- Auditors said land sale by the Royal Free London Foundation Trust should not register in the accounts for 2016-17
- Decision does not change underlying position but means the trust misses out on incentive payments worth £14m
- Provider sector position for 2016-17 will also worsen by £47m
A large acute trust which thought it had delivered a £15m surplus has now reported a £46m deficit, after auditors questioned the accounting treatment of a major land sale.
Auditors judged the benefits from a land sale by the Royal Free London Foundation Trust should register in the trust accounts for 2017-18 rather than 2016-17.
The decision does not change the trust’s underlying performance but it does mean £14m of expected sustainability and transformation fund payments will not be received.
The decision will have added £47m to the reported deficit for the overall trust sector last year. NHS Improvement initially said the outturn for 2016-17 would be a £735m deficit, but chief executive Jim Mackey confirmed this week it would in fact total £791m.
The difference is in part due to the Royal Free judgement. The £47m benefit from the land sale will instead be realised in the 2017-18 accounts.
As previously revealed by HSJ, the FT has sold the current Chase Farm Hospital site to its charity arm for £50m.
The trust expected the £47m of “profit” from the land sale would help meet its financial target for 2016-17, and therefore trigger incentive payments from the STF. This would have resulted in a year-end surplus of £15m.
However, PwC, the trust’s auditor, judged that the transaction should register in the 2017-18 accounts. This means the position for last year is £61m worse than expected, due to the land sale profit being removed and the loss of the STF payments.
The lost payments will force the trust to draw down interest bearing loans from the Department of Health so it can continue to pay staff and suppliers.
Caroline Clarke, finance director at the Royal Free, said: “As we closed our accounts our external auditors took a view that the proceeds of the land sale should be accounted for in a different period.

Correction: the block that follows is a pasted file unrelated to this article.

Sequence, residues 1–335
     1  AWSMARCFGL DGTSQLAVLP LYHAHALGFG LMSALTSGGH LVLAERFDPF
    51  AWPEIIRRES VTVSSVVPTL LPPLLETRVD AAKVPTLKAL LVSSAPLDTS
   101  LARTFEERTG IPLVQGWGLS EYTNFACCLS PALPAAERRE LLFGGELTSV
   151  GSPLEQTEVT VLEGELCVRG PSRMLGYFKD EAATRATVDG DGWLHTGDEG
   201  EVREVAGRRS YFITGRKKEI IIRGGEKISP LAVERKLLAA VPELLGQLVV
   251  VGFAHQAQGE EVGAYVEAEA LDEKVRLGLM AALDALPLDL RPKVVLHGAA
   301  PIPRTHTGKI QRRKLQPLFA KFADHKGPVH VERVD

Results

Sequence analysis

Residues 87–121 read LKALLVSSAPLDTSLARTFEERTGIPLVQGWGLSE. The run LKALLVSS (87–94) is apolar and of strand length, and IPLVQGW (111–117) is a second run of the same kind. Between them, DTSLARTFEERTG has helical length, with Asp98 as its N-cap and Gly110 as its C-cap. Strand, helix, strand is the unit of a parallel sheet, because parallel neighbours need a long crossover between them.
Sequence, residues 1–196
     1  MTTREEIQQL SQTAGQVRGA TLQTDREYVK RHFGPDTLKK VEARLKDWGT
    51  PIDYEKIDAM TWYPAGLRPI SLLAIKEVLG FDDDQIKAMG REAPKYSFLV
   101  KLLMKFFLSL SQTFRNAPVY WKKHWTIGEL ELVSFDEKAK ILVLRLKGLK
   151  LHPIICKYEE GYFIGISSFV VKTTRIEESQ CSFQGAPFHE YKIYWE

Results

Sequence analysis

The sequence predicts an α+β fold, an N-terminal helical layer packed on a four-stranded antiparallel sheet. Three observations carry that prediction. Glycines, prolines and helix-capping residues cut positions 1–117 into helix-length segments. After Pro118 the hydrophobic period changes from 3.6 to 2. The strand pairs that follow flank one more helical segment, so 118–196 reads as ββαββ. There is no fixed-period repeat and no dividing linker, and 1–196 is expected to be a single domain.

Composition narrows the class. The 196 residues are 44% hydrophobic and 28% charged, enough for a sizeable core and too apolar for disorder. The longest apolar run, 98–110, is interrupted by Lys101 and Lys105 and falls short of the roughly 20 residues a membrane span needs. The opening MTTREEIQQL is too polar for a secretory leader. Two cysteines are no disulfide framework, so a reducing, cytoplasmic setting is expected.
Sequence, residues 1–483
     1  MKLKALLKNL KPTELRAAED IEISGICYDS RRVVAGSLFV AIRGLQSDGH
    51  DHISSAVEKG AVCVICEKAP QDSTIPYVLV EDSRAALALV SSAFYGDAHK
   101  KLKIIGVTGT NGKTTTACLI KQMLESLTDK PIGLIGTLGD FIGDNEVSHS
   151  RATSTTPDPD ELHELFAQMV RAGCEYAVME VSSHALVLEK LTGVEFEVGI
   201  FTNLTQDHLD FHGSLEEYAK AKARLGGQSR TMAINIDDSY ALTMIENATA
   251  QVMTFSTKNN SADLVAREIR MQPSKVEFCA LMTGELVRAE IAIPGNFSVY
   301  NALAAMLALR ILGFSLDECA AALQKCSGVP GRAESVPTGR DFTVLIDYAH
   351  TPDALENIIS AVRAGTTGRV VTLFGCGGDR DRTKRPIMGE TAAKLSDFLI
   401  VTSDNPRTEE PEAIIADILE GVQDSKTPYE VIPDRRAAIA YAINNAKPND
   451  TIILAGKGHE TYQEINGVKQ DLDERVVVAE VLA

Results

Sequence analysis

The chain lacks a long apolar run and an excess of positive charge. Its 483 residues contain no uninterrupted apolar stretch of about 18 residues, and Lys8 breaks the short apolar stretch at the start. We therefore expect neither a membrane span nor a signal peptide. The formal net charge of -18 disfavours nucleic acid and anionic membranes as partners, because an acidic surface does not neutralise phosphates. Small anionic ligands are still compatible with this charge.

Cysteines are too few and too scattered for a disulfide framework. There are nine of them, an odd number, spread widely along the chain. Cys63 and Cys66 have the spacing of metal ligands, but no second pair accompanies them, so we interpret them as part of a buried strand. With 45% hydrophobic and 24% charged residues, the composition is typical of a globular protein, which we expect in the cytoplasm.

“Whilst this has no impact on our underlying position, it did materially change the reported numbers. There is no doubt that it is a real sale, done at market value, but we were just unable to recognise the revenue from the sale of the land at Chase Farm Hospital in the 2016-17 financial year.”
The trust has still not agreed a financial target for 2017-18 with NHSI so it is unclear whether it will be eligible for the STF this year.
The trust’s latest board report said it had an in-month deficit of £8m in April. If this run rate continued it would result in a year-end deficit of almost £100m.
University College London Hospitals FT has also sold land to its charity arm, for which it booked a £5.7m profit in 2016-17. This has been accepted by auditors, a trust spokeswoman said, and enabled the trust to receive additional STFmoney.
The spokeswoman said two independent valuations were obtained before the sale, and Department of Health guidance was followed in terms of the impact on the balance sheet and income and expenditure position.
Like the Royal Free, the UCLH charity will pursue plans for social housing on the site, which is known as the Middlesex annex.
Information provided to HSJ